I was joking. I know you weren’t saying that at all. I am just hoping I get one of the positions classed as faculty or administration over one that is called staff because pretentious people are pretentious. It would not matter whether I would be providing the exact same service, title sometimes means everything. I think I am going to enjoy helping people use technology in their classrooms. It does surprise me when people don’t understand the basic function of the software that they use everyday. I think a mistake that a lot of professors make is that their students understand e-learning environments and that they do not have to teach them the software. I try to tell them that Blackboard is nothing like Facebook, Twitter, or Tumblr and unless they are using something like Edmodo which is like Facebook, the students are going to struggle as much or than they do to navigate it.

            Reply
            1. happierheathen Post author

              Oh, okay then. I feel better now — earlier I was wondering “Where did she find that in what I said?” 😀

              I’d hoped that by now we’d be past that “kids grew up with computers so know all about them” bullshit. My kids don’t know shit about them beyond how to find Facefook and post career destroying information about themselves. 😀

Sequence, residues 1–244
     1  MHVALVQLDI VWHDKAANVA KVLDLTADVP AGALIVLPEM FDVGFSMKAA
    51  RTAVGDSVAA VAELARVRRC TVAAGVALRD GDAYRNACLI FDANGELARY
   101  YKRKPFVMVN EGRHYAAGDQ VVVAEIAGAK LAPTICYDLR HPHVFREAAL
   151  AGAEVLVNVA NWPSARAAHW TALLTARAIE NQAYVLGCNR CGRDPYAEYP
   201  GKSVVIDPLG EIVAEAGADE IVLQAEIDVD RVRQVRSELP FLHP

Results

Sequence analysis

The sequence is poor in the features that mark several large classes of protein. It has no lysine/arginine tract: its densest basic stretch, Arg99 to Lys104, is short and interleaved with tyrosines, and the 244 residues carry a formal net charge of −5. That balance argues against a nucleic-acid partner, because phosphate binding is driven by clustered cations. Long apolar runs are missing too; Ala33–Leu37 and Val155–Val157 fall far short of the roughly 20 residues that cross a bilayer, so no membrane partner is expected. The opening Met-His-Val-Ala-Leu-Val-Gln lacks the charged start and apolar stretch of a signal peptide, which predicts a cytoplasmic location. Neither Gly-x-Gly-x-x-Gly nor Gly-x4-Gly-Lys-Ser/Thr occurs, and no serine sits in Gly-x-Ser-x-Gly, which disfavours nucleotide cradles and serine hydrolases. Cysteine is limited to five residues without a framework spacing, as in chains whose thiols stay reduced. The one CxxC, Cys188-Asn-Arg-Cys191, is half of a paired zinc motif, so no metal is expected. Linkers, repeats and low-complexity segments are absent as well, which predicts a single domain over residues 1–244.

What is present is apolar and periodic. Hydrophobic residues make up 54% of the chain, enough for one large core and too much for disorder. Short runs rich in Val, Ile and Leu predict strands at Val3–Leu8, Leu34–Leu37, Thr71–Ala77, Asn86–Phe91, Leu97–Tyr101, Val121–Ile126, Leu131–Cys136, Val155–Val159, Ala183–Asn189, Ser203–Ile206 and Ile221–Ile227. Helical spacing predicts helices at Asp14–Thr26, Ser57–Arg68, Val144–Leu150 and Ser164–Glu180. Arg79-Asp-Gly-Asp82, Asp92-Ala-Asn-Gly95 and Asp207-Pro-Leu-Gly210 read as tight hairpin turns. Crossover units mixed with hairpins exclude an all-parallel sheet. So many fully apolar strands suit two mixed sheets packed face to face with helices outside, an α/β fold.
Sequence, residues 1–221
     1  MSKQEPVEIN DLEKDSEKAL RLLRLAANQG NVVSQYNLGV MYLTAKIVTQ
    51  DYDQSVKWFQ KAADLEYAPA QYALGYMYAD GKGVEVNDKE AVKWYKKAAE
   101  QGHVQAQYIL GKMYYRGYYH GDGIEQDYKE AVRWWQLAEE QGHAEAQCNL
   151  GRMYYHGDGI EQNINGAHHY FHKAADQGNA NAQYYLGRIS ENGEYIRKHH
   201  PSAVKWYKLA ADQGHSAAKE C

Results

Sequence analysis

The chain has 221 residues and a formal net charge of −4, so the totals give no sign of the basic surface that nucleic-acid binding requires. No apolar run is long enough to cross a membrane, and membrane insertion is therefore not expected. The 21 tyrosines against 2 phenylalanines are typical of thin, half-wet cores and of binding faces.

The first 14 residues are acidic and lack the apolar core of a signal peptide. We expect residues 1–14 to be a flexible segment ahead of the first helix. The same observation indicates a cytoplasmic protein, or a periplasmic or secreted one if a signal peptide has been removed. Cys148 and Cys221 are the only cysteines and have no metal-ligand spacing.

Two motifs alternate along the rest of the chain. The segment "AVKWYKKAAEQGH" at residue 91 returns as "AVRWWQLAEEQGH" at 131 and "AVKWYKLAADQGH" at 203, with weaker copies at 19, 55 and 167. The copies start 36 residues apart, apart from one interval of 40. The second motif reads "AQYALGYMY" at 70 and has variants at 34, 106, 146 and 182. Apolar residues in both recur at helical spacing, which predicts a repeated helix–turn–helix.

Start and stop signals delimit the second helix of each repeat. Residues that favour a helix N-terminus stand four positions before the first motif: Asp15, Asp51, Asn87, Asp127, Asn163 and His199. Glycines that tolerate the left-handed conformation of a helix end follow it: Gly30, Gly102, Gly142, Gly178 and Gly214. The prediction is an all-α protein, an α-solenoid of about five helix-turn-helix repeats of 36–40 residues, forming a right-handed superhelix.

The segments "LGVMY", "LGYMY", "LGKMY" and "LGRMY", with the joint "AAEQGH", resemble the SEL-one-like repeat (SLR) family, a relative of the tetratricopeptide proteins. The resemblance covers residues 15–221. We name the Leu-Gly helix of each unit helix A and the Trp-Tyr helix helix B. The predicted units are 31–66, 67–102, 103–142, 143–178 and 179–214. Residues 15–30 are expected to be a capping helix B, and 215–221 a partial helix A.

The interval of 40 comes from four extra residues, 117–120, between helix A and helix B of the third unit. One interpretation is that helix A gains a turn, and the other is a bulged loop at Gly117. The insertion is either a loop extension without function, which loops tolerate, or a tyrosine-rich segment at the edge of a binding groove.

Reply
              1. erikamsteele

                That’s really the only thing all kids know. I am not even sure they teach computer science in school anymore since it wasn’t a part of the state standards from the NCLB act and it isn’t a part of the common core (that I am aware). Still, so many professors will insist that students know how to use e-learning, blackboard, and the other popular ones.

                Reply
                1. happierheathen Post author

                  “professors will insist”, as will entirely too many others, upon knowing things they have not learned. 😀

                  As far as I can tell, the purpose of NCLB and Common Core are to improve indoctrination by denying children the ability to ask meaningful questions. But that’s another topic, another rant, and another excuse for me to STFU now.

                  Be well!

                  Reply
  2. theinfiniterally

    I got lost in the comments. What was I going to say? It was a good post and I feel slightly more intelligent and slightly less like an idjit for having read it. I also feel sad for never having kept the company of coked up monkeys. And that image of being electrocuted is likely to stay with me for awhile.

    Reply
    1. happierheathen Post author

      Electrocution can be pretty exciting. 😀 Maybe some day I’ll get around to blogging a series of electrocution vignettes.

      Consider it good fortune that you’ve not experienced coked up primates. They’ve got too much energy but not enough mental capacity and it makes them dangerous.

      Reply

Leave a Reply

Please log in using one of these methods to post your comment:

WordPress.com Logo

You are commenting using your WordPress.com account. Log Out / Change )

Twitter picture

You are commenting using your Twitter account. Log Out / Change )

Facebook photo

You are commenting using your Facebook account. Log Out / Change )

Google+ photo

You are commenting using your Google+ account. Log Out / Change )

Connecting to %s